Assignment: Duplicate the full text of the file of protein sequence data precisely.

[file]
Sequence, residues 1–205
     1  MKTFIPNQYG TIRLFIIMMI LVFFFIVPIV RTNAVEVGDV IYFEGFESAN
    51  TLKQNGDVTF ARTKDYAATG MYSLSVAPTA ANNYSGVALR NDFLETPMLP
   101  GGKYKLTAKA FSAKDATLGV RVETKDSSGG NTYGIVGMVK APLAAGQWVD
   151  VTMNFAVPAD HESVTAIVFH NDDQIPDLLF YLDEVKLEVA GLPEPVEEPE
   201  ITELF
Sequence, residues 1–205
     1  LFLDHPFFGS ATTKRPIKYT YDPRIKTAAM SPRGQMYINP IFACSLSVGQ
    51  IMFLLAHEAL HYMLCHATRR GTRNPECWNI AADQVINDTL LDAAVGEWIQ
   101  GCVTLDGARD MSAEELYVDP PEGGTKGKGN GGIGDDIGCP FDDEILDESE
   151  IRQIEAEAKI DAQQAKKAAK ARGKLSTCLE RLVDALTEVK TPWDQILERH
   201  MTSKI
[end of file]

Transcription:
Sequence, residues 1–205
     1  MKTFIPNQYG TIRLFIIMMI LVFFFIVPIV RTNAVEVGDV IYFEGFESAN
    51  TLKQNGDVTF ARTKDYAATG MYSLSVAPTA ANNYSGVALR NDFLETPMLP
   101  GGKYKLTAKA FSAKDATLGV RVETKDSSGG NTYGIVGMVK APLAAGQWVD
   151  VTMNFAVPAD HESVTAIVFH NDDQIPDLLF YLDEVKLEVA GLPEPVEEPE
   201  ITELF
Sequence, residues 1–205
     1  LFLDHPFFGS ATTKRPIKYT YDPRIKTAAM SPRGQMYINP IFACSLSVGQ
    51  IMFLLAHEAL HYMLCHATRR GTRNPECWNI AADQVINDTL LDAAVGEWIQ
   101  GCVTLDGARD MSAEELYVDP PEGGTKGKGN GGIGDDIGCP FDDEILDESE
   151  IRQIEAEAKI DAQQAKKAAK ARGKLSTCLE RLVDALTEVK TPWDQILERH
   201  MTSKI